ASPSU surpasses goal in voter-registration drive

In two days, ASPSU registers 985 students to vote.
On Jan. 9, ASPSU, with support from the Oregon Students Association, The Bus Project and Basic Rights Oregon, coordinated a two-day voter-registration drive with a goal of registering 700 students at Portland State University. By their deadline, Jan. 10, ASPSU had registered 985 students. ASPSU and their supporters wanted to ensure a student voice in the special election taking place for Congressional District 1. District 1’s voter registration deadline was Jan. 10.

Navigating the maze of campus resources

Finding help 6 months after the closure of Ombuds Office
Conflict resolution is rarely an easy task. Prior to June 2011, if students had an academic issue, a difficulty with a colleague or supervisor or a more serious problem, they would have been able to walk into the Ombuds Office for help. Since the office’s closure, access to resources has been rerouted. Student-related issues are now handled by the Office of the Dean of Student Life. Issues involving faculty and employees have been channeled to Human Resources and Academic Affairs.

IPSU pays tribute to Martin Luther King Jr.

A week of events celebrates Dr. King’s dream
This week, Portland State’s Multicultural Center, along with the help of various PSU organizations, is hosting a series of events commemorating the work of Martin Luther King Jr. All events are free and open to PSU students. Jon Joiner, director of the MCC and chairman of the MLK planning committee, said the events are designed to “take stock of how far we, as a society, have come since his death.” Joiner said that the MLK Tribute Week is about reflection and commitment, and a way for “taking a mirror to ourselves and asking what would King think of our progress and the challenges ahead.”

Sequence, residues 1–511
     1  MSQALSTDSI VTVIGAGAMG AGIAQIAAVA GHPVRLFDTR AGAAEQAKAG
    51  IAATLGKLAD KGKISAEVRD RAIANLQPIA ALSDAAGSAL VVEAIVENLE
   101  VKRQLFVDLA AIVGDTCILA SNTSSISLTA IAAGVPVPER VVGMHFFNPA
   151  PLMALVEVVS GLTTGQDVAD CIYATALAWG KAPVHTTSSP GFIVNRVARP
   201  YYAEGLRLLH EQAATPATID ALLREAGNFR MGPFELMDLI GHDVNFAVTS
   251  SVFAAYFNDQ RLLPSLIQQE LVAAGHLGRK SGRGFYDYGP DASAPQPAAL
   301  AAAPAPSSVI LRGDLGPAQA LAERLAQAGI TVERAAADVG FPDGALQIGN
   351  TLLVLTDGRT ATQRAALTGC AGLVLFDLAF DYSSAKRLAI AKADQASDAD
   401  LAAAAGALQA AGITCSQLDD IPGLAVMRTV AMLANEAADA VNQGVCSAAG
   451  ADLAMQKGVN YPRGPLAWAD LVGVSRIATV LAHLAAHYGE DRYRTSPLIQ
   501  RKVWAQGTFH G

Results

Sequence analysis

Winter market launches near PSU

Fresh and local produce, cheese available through the end of February
After a grand opening on Saturday, Jan. 7 that drew more than 2,000 shoppers, the first-ever Portland Farmers’ Market winter outlet appears likely to enjoy a successful debut season. The winter market—held at Shemanski Park, just five blocks north of the regular-season PSU market, on the park blocks between Southwest Main and Salmon Streets—is scheduled to run for eight consecutive Saturdays from 10 a.m. to 2 p.m. The market’s final day will be Feb. 25, leaving a three-week gap before the PSU market starts up again on March 17.

State initiatives promote local markets and healthy living

Community markets receive state and federal grants
The state of Oregon is working to eliminate “food deserts”—areas of Portland that lack access to supermarkets and quality food products. Various grants awarded by both state and federal governments have allowed independently run markets to open up in these populated food deserts.